I am a veteran software architect with a breadth of experience and interests, and a knack for communicating about technology with both business stakeholders and large audiences of developers. I'm looking for my next challenge. To get to the facts, you can go straight to my LinkedIn profile, or read on to learn what I can offer to a high-impact software team.
I'm enjoying an eventful career making software, and it isn't just about writing code. One of my first jobs was working on the first PC-based audiometry & hearing aid fitting system. At the time I knew nothing about hearing testing or hearing aids, and didn't bring much beyond familiarity with the Windows API and decent C++ & OOD chops for my age. I learned a tremendous amount on that job, both about building software and about what it takes to ship a product that helps people. I also developed a taste for learning what it was like at the frontiers of other people's fields.
Most recently, I was privileged to work with cutting edge AI and augmented reality technology at Meta (née Facebook). On Meta's AI/ML Partner Engineering team, I educated developers about PyTorch, delivering in-person training and building educational materials, and worked on the launch of platform cornerstones like TorchServe, PyTorch's horizontally scalable containerized API wrapper for inference. On the AR side, I helped launch Meta's Spark AR platform in 2017, and continued working with outside partners on establishing product-market fit for new features, including Spark's Commerce API, virtual make-up try-ons, and virtual furniture "try-ins".
In between, my career has taken many turns in the technologies used and the fields I've worked in, but I've continued the habit of seeking out new tools and unsolved problems. At Tutor.com, I wrote software to deliver educational services over the web before broadband put video chat on every desk. My team at Proclivity Systems was an early adopter of Hadoop for scaled data processing - what we now call Big Data work - to drive behavior prediction from web analytics. In consulting gigs and with my own startup, I got to ride the mobile wave, exploring and pushing the capabilities of the early generations of smartphones while they matured into the ubiquitous pocket computers we have today.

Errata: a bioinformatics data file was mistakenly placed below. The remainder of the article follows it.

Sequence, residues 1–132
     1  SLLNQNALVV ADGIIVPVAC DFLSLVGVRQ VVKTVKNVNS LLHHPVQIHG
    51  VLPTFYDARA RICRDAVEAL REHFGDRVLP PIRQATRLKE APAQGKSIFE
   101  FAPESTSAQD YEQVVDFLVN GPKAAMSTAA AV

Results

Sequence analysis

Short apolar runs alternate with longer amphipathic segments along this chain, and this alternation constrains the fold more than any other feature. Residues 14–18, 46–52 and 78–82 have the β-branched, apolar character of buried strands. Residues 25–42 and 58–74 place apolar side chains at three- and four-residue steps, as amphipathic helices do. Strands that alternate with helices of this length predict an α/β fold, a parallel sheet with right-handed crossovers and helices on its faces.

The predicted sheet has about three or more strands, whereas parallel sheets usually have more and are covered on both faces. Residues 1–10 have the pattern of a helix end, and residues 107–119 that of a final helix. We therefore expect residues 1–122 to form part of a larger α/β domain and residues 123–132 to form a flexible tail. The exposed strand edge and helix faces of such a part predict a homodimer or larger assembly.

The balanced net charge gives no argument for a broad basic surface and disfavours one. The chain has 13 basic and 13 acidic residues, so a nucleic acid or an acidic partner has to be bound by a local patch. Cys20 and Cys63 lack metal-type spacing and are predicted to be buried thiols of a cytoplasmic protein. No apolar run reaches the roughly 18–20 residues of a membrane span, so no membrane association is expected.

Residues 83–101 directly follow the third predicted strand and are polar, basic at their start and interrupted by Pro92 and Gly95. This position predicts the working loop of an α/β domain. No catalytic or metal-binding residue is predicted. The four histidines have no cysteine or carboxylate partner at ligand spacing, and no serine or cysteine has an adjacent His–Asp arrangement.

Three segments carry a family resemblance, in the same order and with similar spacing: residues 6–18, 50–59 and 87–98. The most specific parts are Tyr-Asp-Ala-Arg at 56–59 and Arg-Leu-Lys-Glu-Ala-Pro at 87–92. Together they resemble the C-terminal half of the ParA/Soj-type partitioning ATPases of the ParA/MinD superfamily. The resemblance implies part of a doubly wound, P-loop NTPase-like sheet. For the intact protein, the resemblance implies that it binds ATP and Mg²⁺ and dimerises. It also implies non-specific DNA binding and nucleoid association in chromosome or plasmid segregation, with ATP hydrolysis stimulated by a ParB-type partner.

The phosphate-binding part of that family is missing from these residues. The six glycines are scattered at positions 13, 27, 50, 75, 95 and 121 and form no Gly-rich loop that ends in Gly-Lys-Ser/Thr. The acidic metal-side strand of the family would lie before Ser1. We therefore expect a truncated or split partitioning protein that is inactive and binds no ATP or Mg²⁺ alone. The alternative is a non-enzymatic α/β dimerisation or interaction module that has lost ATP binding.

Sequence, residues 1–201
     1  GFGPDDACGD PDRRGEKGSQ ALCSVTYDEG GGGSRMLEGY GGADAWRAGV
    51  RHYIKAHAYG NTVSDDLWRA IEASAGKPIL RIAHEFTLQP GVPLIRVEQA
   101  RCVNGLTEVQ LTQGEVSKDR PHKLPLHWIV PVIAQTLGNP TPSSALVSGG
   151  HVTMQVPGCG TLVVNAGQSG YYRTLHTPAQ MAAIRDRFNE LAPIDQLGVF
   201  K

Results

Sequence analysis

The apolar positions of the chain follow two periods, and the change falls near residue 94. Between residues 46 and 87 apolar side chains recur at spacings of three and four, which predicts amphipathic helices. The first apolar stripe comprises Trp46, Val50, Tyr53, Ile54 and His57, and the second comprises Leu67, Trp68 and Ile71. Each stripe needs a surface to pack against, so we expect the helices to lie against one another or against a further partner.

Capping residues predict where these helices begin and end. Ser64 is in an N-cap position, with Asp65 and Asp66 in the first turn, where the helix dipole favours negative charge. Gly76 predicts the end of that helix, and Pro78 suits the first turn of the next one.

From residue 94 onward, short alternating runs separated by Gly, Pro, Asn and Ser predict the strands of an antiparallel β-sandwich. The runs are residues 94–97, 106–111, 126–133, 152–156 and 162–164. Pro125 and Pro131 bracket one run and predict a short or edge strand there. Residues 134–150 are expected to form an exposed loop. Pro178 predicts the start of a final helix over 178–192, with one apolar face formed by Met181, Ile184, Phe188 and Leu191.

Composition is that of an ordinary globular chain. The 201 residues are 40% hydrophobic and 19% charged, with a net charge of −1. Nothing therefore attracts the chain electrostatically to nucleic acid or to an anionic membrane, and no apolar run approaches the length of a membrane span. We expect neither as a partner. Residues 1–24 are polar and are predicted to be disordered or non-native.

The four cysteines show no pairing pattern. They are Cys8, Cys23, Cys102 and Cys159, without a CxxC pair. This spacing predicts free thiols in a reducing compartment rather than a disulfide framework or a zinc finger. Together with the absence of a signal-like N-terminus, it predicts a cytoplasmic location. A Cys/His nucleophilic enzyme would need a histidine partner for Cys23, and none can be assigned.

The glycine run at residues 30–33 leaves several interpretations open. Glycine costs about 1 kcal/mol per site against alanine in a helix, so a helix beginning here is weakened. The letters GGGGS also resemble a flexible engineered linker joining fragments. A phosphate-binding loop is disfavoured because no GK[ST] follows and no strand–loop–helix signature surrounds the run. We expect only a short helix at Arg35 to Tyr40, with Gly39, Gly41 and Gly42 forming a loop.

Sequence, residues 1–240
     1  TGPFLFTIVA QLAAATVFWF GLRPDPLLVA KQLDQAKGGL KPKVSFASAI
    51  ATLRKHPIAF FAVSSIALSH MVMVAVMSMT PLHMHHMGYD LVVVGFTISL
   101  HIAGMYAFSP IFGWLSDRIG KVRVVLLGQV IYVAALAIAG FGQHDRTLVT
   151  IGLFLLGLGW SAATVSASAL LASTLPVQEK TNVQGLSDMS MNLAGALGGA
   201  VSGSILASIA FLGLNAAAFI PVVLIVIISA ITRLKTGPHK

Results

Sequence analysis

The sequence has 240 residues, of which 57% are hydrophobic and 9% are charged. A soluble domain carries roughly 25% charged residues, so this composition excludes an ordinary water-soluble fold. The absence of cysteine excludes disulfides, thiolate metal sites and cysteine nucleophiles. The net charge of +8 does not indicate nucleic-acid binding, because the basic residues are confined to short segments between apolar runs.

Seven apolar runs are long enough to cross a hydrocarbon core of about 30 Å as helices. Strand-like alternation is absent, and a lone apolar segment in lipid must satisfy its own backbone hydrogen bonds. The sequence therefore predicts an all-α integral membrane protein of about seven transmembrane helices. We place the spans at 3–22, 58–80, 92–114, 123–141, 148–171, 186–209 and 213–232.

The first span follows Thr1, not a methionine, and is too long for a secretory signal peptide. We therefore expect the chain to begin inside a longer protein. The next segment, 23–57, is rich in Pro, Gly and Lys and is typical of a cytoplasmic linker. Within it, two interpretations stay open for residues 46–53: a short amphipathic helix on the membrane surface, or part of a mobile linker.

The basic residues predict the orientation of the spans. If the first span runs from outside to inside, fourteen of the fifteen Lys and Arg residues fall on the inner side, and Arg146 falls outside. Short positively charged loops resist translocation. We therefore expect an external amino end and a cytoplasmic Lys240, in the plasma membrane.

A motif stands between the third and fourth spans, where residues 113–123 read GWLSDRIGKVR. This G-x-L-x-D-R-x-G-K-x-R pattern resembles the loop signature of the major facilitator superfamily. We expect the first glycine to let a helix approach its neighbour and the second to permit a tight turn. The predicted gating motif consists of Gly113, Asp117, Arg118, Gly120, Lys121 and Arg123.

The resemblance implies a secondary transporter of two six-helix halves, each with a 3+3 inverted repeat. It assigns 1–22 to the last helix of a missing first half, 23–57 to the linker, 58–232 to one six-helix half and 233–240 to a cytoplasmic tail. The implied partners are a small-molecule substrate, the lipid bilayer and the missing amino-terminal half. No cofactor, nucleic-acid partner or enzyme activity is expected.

At every turn, I've enjoyed learning about different businesses and their problems and the language they use to talk about them. I've enjoyed seeking out and creating the tools to solve those problems. Now I'm looking for new problems to solve. I'm much less interested in the particular technology stack or business vertical than I am in answering the questions: Are we solving a real problem? Are we using the best tools for the job? Are we doing it as a team with a shared vision?
Good software craftsmanship is about reducing the cost of change. Code that works is the bare minimum output for someone in my field. For that code to live on as an asset with durable value, you must be able to change it to adapt to new requirements. This is the "softness" of software; the best engineering craft is that which keeps the software at its softest. The way I think of this softness is as the cost of changing the software.
Clean code, automated test coverage, AI assistants, elegant object design, and agile process are not ends in themselves. They are tools with specific domains of applicability and anticipated benefits - none of them is a silver bullet. The experience-driven judgment to choose the right tools and processes for a project is part of the value I bring. Reducing the cost of change is at the center of these judgments. Delivery velocity, product quality, and software stability all stem from this organizing principle. What are the likely dimensions of change in the business requirements? In the technology platform? How junior or senior is the team, and have they worked together before - how much supportive process do they need to behave cohesively? A focus on delivering value by reducing the cost of change sets a team up for success.
I don't just make technology, I communicate about it. This can mean giving in-person and online talks and classes to developers and non-technical audiences, writing blog posts and documentation, building reference and example projects, and collaborating over the solutions to complex problems.
This skill at communicating about complex topics with broad audiences multiplies my value as a technical leader on a cross-functional team. Faithfully translating technical constraints and opportunities for non-technical stakeholders supports good business decisions. Flexible pedagogy around engineering craft allows an org to leverage my deep knowledge over a team. My experience as a technical evangelist helps me bring the same product vision into focus for everyone and draw a team toward a consensus about solutions. I count all of this as part of my remit as a senior technical leader.
If your team is solving real problems with software, maybe I can help. The easiest way to get in touch is to message me on LinkedIn.